On average, they go for more than 100,000 won for a single catch off the auction block, which means they will be sold at twice the original price once it gets to someone's table at a crab shack - the price is inflated three-fold if it's a restaurant in Seoul, according to one fisherman at Hupo Port.

Average prices of premium grade king crab at coastal seafood restaurants around the county range from 10,000 won to as much as 40,000 won - far cheaper and better in quality than posh crab shacks around Seoul.

The scene of the auction block is something visitors simply must witness first hand.

It is one that's relentlessly paced where both auctioneer and buyer huddle up into a large circle going through lightning-quick transactions of large clusters of crab within minutes before storming off to the next row of crabs waiting to be purchased.
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It's hard enough to keep up with them but these hard working people of the sea retrieve information and write their bid amount onto small chalk slates all at the same time while the auctioneer speedily shouts away.

The merchandise on display is taken away almost as fast as it is brought in from the hundreds of fishing vessels that line the edge of the port.

However, not all of the early morning catch can be winners, so the undesirables called "mul-ge," or young soft-shelled crabs that have yet to mature, are sold cheap to merchants who then sell them off to whoever is a big enough sucker to buy them.

From the stories being told, most of them end up being sold online or bought by shady seafood restaurateurs in Seoul who sell them at a premium.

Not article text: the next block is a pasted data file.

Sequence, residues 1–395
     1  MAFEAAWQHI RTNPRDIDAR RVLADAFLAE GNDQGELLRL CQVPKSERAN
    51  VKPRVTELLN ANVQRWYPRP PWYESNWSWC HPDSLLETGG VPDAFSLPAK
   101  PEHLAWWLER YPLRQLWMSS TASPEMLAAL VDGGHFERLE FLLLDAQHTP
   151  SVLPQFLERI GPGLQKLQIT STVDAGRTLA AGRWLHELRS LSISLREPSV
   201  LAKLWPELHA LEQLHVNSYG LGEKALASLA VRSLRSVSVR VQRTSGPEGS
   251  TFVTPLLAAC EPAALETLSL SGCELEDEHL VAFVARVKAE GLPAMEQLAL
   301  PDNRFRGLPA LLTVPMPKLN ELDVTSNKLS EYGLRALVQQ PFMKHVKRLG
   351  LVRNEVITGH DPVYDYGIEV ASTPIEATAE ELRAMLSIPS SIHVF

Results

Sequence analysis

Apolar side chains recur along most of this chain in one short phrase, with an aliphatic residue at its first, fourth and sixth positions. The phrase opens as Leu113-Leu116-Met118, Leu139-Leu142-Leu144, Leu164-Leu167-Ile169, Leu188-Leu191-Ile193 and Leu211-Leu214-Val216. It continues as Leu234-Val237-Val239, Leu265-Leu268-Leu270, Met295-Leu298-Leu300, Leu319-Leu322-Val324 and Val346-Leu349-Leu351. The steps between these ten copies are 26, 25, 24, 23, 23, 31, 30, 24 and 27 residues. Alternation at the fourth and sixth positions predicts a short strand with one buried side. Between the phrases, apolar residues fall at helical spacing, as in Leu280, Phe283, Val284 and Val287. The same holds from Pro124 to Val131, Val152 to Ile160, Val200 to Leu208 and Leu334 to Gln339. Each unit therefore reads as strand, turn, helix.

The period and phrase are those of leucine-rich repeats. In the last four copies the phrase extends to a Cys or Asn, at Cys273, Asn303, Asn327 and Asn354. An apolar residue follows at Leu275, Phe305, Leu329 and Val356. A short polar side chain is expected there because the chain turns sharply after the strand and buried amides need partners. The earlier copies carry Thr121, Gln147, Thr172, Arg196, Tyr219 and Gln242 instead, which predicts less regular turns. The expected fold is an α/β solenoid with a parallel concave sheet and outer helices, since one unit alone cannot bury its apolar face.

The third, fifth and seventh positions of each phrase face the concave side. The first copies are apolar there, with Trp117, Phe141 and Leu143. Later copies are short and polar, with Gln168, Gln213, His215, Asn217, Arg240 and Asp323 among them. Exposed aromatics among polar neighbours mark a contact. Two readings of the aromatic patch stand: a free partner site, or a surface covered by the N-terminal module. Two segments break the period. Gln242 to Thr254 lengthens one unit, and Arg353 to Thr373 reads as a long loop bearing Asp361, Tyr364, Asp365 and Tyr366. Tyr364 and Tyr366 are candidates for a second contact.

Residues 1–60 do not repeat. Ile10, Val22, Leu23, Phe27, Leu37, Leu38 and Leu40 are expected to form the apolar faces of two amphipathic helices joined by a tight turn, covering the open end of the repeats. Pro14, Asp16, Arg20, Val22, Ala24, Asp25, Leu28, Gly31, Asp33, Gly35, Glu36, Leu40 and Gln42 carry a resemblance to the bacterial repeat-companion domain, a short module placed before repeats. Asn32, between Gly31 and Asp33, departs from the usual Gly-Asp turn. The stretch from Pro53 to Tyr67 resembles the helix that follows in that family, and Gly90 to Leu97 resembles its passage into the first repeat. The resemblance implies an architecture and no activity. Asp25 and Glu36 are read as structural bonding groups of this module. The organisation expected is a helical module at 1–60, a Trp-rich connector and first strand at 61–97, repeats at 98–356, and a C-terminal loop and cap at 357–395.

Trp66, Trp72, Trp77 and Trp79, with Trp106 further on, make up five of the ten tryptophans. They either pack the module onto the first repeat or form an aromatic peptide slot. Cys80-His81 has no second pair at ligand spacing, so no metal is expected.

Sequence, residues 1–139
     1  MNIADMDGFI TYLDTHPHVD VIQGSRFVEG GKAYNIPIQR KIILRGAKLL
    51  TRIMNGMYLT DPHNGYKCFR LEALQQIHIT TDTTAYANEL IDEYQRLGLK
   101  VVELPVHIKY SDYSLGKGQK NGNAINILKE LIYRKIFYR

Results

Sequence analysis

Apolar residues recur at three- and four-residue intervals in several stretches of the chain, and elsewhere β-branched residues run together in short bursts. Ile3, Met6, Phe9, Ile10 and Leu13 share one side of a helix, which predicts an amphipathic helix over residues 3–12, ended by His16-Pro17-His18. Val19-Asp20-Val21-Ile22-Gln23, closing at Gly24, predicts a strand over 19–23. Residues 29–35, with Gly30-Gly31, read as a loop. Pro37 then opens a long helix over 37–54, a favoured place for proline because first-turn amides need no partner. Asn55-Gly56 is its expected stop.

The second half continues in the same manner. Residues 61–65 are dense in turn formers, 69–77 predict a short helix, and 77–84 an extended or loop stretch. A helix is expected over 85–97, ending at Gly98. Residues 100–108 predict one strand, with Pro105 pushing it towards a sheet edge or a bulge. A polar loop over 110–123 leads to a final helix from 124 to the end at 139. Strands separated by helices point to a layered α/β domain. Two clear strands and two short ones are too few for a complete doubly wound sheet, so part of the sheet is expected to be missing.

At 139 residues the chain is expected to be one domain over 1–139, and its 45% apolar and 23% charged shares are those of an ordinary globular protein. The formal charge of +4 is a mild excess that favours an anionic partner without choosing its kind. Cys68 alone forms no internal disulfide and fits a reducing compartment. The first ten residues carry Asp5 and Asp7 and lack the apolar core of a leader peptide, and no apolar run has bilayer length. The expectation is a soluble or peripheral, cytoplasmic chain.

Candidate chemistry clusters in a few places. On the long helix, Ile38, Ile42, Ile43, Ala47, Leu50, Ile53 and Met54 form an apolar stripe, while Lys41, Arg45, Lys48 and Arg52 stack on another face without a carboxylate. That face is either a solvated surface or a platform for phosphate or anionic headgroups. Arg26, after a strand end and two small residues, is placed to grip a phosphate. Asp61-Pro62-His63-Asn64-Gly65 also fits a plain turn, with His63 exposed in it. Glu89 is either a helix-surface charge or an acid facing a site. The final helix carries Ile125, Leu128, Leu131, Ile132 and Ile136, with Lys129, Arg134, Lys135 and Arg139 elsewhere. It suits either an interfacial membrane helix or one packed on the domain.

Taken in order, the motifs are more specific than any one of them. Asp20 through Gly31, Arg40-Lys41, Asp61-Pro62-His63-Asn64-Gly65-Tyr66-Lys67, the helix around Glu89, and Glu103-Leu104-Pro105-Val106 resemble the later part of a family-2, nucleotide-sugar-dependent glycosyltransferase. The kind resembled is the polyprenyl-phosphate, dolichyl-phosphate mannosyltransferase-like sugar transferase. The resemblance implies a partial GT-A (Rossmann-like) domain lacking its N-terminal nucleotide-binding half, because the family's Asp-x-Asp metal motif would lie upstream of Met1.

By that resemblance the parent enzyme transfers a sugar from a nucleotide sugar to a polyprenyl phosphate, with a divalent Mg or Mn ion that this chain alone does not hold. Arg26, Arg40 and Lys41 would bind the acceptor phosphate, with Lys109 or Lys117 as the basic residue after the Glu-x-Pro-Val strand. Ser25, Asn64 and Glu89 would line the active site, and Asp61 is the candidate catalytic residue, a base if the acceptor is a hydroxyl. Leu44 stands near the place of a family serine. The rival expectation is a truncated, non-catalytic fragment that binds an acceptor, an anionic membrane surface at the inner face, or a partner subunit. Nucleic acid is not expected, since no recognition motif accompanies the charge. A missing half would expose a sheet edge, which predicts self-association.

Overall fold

This is why one local buyer said, "that's why crab in Seoul can't be compared to crabs served to people in restaurants around Uljin county. Seoulites are served mul-ge."

Perhaps the man was blowing smoke, but one thing for certain is that these sub-par crabs are being bought by someone, and they ain't the local restaurateurs.

Every now and then a man would loudly announce through a microphone telling buyers not to purchase them. It was a futile attempt, as they were sold almost as fast as the legitimate ones.

About 23 kilometers east is Wangdolcho - an area known as the commercial center for fisheries around the port of Hupo.

King crabs caught in the area are mostly auctioned off at the Port of Jukbyeon, a neighboring port north of Uljin County. Other profitable seafood in addition to king crabs there are the usual suspects of staple Korean dining tables which include the giant octopus, mackerel, squid and sardines.

In early morning auction blocks in Jukbyeon, visitors, if they can get up early enough at the crack of dawn, can check out giant octopuses auctioned off there.

If you're not an early bird type of person, no need to fret, because 9 a.m. is still a good time to catch all of the auction action.

After a long and arduous mission going all over the ports that Uljin has to offer, there's simply no better way to unwind and prepare for the long drive back home than taking a dip at a hot springs resort.

There are two main resorts visitors usually make sure to stop by when they visit Uljin.

South of the county lies the Baegam Spa Resort and up north is the Duckku Spa Resort.

The Baegam Spa Resort is popular for its hot springs water that is reportedly rich in sulfur and germanium with temperatures that average between 48 to 53 degrees while the Duckku Spa Resort is situated in the idyllic Eungbong Mountain 999 meters above sea level where its water averages 43 degrees in temperature.